Established in 2003, the award honors a Girls in Action alumna who exhibits a missions lifestyle and has had a key influence in the lives of others, especially young girls, through missions, ministry and/or civic duty. GAs is the WMU missions organization for girls in grades 1–6.

The award is named in honor of former GA and missionary Martha Myers who was killed in Yemen in 2002.

Hoke described the honor as an opportunity to teach future generations about missions education. “If receiving this award gives me the platform to speak to people and explain the value of teaching missions to children, then I am thrilled,” she said. “If we expect future generations to live out the Great Commission as adults, we must begin to teach them the concept when they are young. That is my heart, my calling, my passion for service.”

As a young wife and mother, becoming a GA leader seemed a natural fit for Hoke, whose mother and grandmother also had devoted many years of service to missions education through WMU. When Hoke was growing up in GAs, her mother was her GA director and she recalls her GA activities as some of her best childhood memories.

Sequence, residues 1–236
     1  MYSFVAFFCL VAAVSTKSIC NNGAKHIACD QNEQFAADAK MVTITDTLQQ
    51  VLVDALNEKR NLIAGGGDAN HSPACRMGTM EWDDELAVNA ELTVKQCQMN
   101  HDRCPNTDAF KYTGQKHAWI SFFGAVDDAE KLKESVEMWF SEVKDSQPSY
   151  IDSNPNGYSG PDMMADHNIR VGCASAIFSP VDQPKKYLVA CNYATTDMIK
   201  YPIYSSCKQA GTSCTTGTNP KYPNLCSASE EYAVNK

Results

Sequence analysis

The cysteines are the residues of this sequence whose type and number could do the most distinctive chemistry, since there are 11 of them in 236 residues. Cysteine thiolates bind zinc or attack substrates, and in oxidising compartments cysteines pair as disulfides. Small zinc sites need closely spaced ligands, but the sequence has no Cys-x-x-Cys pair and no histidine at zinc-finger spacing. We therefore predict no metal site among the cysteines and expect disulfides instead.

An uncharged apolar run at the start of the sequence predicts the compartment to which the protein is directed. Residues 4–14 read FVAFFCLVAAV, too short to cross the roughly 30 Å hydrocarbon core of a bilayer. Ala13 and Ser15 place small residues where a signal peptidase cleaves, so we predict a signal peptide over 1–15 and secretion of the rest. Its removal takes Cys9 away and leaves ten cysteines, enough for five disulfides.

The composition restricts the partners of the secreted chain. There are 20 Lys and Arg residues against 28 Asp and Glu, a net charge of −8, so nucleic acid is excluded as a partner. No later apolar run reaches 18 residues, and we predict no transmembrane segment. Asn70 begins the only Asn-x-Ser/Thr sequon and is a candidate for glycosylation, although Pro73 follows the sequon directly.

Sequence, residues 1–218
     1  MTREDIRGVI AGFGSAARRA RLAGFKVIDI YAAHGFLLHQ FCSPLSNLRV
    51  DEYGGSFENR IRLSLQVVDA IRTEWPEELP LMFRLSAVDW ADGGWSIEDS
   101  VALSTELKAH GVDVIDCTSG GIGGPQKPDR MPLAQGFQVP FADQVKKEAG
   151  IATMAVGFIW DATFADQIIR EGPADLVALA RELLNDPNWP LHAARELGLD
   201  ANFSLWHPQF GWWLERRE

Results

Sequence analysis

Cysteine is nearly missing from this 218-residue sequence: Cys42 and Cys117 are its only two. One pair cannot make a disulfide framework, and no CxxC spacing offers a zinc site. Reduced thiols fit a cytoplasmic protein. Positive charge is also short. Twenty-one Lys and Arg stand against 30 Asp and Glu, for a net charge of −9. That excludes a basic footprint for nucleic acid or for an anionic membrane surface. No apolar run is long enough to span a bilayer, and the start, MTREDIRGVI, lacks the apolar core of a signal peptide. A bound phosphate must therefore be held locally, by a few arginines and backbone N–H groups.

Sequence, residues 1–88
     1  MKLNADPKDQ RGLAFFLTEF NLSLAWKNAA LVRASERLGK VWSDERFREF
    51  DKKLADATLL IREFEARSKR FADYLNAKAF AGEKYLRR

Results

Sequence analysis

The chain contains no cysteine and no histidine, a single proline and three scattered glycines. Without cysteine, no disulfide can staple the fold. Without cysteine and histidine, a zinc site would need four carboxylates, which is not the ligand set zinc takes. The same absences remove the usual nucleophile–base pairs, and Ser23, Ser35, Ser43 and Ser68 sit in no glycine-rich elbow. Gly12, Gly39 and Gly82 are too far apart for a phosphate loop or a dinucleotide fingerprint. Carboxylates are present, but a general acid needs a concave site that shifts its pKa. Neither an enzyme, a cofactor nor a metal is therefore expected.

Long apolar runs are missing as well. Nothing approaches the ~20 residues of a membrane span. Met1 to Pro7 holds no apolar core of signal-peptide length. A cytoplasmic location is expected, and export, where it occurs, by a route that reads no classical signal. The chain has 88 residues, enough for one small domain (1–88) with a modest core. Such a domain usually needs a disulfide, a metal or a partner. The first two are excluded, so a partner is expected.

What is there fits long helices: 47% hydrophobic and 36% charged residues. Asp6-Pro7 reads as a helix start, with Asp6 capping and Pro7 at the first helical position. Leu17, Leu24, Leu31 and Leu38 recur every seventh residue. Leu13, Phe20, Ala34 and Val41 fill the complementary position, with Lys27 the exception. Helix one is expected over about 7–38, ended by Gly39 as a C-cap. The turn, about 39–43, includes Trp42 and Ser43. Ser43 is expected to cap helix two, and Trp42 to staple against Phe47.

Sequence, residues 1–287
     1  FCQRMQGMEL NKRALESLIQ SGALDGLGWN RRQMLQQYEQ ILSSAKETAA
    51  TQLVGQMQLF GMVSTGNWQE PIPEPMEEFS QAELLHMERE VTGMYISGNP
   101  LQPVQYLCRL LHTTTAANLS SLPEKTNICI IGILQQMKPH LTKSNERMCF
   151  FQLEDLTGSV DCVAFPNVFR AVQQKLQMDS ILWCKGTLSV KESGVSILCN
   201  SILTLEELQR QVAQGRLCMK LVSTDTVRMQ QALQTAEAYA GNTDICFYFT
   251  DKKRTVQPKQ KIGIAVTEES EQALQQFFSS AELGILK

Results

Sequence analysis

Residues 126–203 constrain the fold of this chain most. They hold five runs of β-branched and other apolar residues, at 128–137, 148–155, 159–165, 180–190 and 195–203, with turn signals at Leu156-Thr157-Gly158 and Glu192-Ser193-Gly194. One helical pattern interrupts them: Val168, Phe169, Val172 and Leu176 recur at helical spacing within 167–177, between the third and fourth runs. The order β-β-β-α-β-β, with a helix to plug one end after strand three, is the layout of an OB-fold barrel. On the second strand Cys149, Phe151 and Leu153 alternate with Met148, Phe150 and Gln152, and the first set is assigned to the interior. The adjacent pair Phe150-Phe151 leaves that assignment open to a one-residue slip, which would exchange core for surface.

“My years in missions education as a GA helped me to know God, understand His plan for the world and discover my place in His plan,” Hoke said. “What [children] learn in missions education opens their eyes to see, their hearts to care and their hands to serve. Discipleship through missions education affects you eternally; which is why I say, once a GA, always a GA.”

Hoke volunteered as a GA leader in some capacity from 1980-92 and stepped up to GA director from 1992-2002 for First Baptist Church in Midland where she said it was a privilege to watch hundreds of girls grow into vibrant young ladies, ready and willing to make a difference in their world by living out the Great Commission. She moved from GA director to her church’s WMU director post in 2002.

Debby Akerman, a retired nurse from Myrtle Beach, S.C., received WMU’s Dellanna West O’Brien Award for Women’s Leadership Development. Established in 1998 on WMU’s 110th anniversary and named for former WMU Executive Director Dellanna O’Brien, the award recognizes Baptist women who demonstrate an ability to foster Christian leadership in other women, display the potential to be a leader in their community and the world, and excel in missions education.